Judges have sometimes expressed more flexibility regarding corruption, especially when corruption happens abroad or involves breaching foreign law.24 For instance, when presented with arbitration cases involving corruption abroad, English courts have faced a dilemma between following their usual approach to illegality on the ground of public policy, and therefore refusing the enforcement of the contract, on the one hand, or enforcing the given foreign arbitral award on the other hand. Overall, courts give priority to the enforcement of these foreign arbitral awards over the consideration of enforcing a contract tainted by corruption.25 In this context, apart from straightforward cases of corruption, many cases involving bribery or more sophisticated arrangements inducing corruption have probably fallen outside the ground of public policy as understood by the courts in relation to contractual performance.26 It remains to be seen whether the Bribery Act 2010 will lead courts to adopt a different course of reasoning.

The inadequacy of illegality appears here: a contract can be illegal and its enforcement can be against English public policy for reasons connected to corruption (such as corruption in public life). Some forms of corruption (such as corruption of an English public office) undoubtedly fall into the realm of public policy. However, a breach of English public policy does not necessarily or inherently extend to all forms of corruption carried out anywhere in the world by way of principle; and this despite the strong statement uttered by Lord Templeman in Attorney General Hong Kong v Reid that “bribery is an evil practice which threatens the foundation of any civilized society”.27

Further issues arise in relation to illegality and corruption in commercial contracts, especially in relation to the consequences attached to illegality. Illegality in contracts on the ground of public policy means that if both parties are involved in the illegality no party can claim any rights or remedy under the illegal operation in which he was involved. This is expressed with the maxim ex turpi causa non oritur actio. This means that the court has to refuse the enforcement of the contract once it knows that an illegality has been committed, regardless of the source of this information. The party guilty of illegality cannot enjoy any remedies under the contract. A subsequent or collateral contract which is based on or results from an illegal operation is also illegal or void.28 Yet, if the collateral contract is not tainted by corruption, it may be enforceable.29

We can illustrate this point with the following hypothetical scenario. Let us suppose that contractor A of country X enters into an agreement with agent B. This agreement provides that B is to receive a commission fee of USD 1,000,000 to pay, on behalf of A, USD 10,000,000 to C, a high-ranking procurement advisor of D, the Minister of Economics and Development of country Y, in order to induce D to award A the contract for the construction of a new power plant in country Y. B pays C the USD 10,000,000 bribe and D awards the Contract to A. A may then be tempted to refuse to pay B the agreed commission fee by invoking the illegality of the Commission Agreement. In that case, the doctrine of illegality and ex turpi causa would be applied. Courts would recognise no right or remedy to the parties invoking rights or remedies based on an illegal transaction. They would not agree to enforce a contract between A and B which has as its direct purpose corruption, bribery or secret commissions.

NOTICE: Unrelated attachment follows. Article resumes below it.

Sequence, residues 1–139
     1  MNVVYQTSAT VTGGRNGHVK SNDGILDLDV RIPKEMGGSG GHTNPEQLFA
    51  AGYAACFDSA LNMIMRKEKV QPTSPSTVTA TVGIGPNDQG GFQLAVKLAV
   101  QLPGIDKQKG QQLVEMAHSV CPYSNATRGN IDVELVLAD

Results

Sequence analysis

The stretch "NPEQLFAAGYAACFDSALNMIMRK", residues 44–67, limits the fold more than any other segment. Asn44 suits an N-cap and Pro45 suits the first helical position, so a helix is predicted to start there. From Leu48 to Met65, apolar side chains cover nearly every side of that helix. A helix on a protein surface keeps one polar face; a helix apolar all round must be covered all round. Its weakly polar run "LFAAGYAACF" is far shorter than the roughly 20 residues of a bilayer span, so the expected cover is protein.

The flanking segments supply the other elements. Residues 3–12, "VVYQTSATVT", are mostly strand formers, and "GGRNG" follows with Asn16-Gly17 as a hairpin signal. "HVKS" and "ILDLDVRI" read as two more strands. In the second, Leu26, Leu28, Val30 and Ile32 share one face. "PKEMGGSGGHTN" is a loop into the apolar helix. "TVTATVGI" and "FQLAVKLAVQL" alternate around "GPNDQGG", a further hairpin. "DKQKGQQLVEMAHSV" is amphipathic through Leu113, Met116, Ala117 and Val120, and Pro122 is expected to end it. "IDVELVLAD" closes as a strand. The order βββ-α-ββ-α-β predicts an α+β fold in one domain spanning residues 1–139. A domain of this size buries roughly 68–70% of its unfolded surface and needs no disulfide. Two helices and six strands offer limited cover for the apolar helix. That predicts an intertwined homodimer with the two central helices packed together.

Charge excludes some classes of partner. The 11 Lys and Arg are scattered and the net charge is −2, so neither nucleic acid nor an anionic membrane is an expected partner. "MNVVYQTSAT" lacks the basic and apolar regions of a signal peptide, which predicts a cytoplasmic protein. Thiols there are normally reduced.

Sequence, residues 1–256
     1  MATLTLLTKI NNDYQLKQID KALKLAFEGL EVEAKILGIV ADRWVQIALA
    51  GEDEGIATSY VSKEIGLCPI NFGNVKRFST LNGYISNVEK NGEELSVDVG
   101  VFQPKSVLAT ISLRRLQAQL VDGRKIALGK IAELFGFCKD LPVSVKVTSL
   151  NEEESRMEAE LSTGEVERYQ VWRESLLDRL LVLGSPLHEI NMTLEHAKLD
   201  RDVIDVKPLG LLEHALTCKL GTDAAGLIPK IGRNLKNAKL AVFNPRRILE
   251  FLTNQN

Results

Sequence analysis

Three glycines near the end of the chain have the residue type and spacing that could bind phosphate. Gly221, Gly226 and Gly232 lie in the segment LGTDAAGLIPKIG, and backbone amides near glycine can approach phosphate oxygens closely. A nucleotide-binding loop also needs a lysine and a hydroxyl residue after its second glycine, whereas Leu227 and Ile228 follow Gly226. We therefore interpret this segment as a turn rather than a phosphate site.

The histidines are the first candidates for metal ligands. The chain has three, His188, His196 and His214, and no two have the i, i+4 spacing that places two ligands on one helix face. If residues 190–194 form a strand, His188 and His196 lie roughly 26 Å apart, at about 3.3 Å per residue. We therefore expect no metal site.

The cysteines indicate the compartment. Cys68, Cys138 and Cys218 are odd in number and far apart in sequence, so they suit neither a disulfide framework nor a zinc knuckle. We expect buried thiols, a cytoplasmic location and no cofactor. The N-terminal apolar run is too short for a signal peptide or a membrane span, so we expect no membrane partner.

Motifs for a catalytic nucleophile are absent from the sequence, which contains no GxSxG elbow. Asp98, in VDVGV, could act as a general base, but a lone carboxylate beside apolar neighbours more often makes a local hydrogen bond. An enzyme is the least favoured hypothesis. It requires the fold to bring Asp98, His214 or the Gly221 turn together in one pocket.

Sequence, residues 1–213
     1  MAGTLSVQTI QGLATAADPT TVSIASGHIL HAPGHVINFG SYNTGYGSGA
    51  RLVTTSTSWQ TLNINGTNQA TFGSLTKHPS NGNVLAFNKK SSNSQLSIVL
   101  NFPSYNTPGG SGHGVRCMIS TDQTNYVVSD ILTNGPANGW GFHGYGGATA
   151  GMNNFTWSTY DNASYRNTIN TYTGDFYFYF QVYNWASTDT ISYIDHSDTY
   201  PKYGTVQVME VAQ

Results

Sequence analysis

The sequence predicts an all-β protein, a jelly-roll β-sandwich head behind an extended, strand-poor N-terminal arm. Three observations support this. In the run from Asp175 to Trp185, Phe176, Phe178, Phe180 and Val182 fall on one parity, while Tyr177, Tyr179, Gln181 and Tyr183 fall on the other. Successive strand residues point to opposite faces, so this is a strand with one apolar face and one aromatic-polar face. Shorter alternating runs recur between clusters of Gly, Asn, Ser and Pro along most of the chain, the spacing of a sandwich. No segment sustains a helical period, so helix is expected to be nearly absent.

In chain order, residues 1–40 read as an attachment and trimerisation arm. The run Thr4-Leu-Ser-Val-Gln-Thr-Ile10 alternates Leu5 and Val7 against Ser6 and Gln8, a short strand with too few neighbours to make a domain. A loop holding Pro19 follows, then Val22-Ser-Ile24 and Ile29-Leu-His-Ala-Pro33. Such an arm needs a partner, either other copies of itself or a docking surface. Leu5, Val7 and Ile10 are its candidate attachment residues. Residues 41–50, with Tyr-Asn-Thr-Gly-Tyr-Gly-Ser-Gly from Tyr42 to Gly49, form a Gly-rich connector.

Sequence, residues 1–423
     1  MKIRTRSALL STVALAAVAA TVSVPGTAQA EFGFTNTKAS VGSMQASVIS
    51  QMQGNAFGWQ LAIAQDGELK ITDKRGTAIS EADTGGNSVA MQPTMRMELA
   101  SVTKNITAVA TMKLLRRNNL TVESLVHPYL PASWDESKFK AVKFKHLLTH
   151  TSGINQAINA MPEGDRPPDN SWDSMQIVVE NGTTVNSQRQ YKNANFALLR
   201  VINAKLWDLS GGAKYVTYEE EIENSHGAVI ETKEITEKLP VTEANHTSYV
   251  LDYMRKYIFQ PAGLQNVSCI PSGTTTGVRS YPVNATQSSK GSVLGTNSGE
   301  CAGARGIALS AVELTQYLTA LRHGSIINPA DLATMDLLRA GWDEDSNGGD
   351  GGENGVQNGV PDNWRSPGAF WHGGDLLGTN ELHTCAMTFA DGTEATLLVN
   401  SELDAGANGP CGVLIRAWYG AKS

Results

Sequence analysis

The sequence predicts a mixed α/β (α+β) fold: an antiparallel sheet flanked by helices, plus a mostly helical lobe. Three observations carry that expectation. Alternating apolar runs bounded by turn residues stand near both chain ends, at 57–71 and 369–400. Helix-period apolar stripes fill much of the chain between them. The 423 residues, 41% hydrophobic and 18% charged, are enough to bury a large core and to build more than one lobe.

Such a scenario, however, could lead to another problem. Indeed, D may not award A the contract even though B has paid C the bribe. In this case, B could wonder whether he could ask A to pay his agreed commission fee and A could be tempted to seek ways to recover from B the bribe B paid to C. Such a scenario can be found in the similar facts at the origin of an English case, Romy Nayyar and ors v Denton Wilde Sapte and Gauri Advani.30 In this case, the claimants (the bribe givers) had to rely on the tainted payments to establish the damage that they had suffered. The doctrine of illegality was triggered and the claim was accordingly barred according to ex turpi causa non oritur actio. The court refused to help a claimant recover compensation for the consequences of his own wrongful conduct.31 The proof of a payment which was intended to be a civil law bribe was enough to engage the ex turpi causa principle, and it was not necessary to establish that the illegal purpose had been carried out.

However, there are cases when public policy does not require that illegality always triggers such drastic effects. For instance, money paid may be recoverable or the courts may agree to sever the illegal part of the contract from its legal part.32 Indeed, the illegality defence may bring difficult consequences in relation to the enrichment of one party in comparison to the other party. Therefore, uncertainty regarding the rigidity of the defence has arisen. The House of Lords seemed to reject the possibility of judges exercising discretion according to their conscience in Tinsley v Miligan. 33